But wait — there’s still more! The bicultural journey of our nation has not reached its apex. It has much further to go. Māori are also considerably spiritual. A prayer in the name of Ihu Karaiti might be as easily heard on a Marae as in a church also. The question is whether local Marae come to a place of oneness with local churches and therefore encourage public Christian prayer and expression. The alternative is that the current awkward ‘distance’ remains, in which case that expression may focus’ toward pre-European animistic religion.

There are also financial and funding implications. There are language implications. There will be ‘power’ implications. Tipping points in thinking and culture will come. All this makes our nation’s bicultural journey a great opportunity because many things change during times of change! If the Christian voice is at the table, Christian faith could remain within the public view. If it is not, doors can be expected to close further.

  • What could local believers, churches and city pastors’ groups learn and do, to better connect in this journey in the coming 20 to 40 years?


Let’s continue to talk and think.

Let’s cherish the resources (material and human) that exist…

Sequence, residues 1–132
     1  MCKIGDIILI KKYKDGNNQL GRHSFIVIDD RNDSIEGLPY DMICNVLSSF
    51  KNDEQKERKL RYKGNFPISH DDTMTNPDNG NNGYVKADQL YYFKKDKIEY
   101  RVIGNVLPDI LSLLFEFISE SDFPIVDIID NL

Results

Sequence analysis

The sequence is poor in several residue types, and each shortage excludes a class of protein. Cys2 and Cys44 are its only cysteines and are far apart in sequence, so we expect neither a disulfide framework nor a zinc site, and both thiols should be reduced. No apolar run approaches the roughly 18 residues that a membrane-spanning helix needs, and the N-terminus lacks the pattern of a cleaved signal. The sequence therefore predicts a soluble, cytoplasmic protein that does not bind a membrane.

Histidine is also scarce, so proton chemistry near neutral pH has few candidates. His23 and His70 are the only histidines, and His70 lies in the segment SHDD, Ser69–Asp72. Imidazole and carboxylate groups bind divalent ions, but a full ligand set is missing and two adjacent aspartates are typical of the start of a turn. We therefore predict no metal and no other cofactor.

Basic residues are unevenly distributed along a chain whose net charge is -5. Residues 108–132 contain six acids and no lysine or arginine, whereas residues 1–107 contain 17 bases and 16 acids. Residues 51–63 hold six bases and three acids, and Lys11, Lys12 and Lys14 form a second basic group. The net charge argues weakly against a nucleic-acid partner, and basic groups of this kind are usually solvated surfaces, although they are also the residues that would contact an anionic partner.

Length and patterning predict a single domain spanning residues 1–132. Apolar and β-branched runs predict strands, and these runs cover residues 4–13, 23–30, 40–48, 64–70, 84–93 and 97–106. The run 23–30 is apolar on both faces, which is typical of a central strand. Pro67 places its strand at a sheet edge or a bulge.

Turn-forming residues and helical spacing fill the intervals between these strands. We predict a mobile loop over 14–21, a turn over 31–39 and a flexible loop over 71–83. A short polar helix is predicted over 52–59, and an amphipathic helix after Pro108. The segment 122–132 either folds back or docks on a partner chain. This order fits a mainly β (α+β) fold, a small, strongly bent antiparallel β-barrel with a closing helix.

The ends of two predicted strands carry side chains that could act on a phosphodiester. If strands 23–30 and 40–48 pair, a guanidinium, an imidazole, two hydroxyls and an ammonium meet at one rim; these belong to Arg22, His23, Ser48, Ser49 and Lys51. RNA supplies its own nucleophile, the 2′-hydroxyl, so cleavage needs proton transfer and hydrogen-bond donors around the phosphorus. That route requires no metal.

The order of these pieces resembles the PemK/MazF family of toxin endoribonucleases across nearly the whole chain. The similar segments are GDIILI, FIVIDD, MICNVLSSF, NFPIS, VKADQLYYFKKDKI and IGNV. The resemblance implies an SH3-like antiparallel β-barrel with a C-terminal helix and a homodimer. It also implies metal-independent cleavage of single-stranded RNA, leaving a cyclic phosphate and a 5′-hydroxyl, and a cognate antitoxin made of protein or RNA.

…and let’s become EXPERTS in our nation’s story!


“…I have become all things to all people so that by all possible means I might save some.”

1 Corinthians 9:22


Other blogs by Dave Mann on this general topic

(From oldest to newest)


5 self-print bulletin-booklets for your church 

  • Called ‘Then and Now’ – about outreach and our early bicultural story, to give to church members with the bulletin over a 5 week period here (These booklet also encourager support of the Hope Project – which takes some of these stories to the public square).


An easy-to-read option to educate yourself, elders, children’s and youth leaders – and then all members (children, youth and adults)

  • Consider the illustrated novel series: ‘The Chronicles of Paki – Treaty of  Waitangi Series’. These can be found at BigBook.nz. View a blog with displaying some of its endorsements here.


Waitangi weekend sermon outlines (free)

  • ‘Three Treaties’ (Gibeonites, Waitangi and Jesus) from Dave Mann is (word doc) here, with power point here
  • Waitangi Weekend sermon – ‘Leaving a legacy’ – edited – with thanks to Keith Harrington (word doc)  here
  • Waitangi Weekend sermon – ‘Joshua and the Treaty (five treatise)’ –  edited – with thanks to Keith Harrington (word doc) here


The Te Reo Pulpit Challenge


DAVE MANN. Dave is a creative communicator with a vision to see an understanding of the Christian faith continuing, and also being valued, in the public square in Aotearoa-New Zealand. He has innovated numerous conversational resources for churches, and is currently coordinated a 5th nationwide multimedia project purposed to help open conversation between church and non-church people about Christianity and the way our nation’s most treasured values have come from it. Dave is the author of various books and booklets including “Because we care”, “That Leaders might last”, “The Elephant in the Room”, and available for free on this site: “The What and How of Youth and Young Adult ministry”.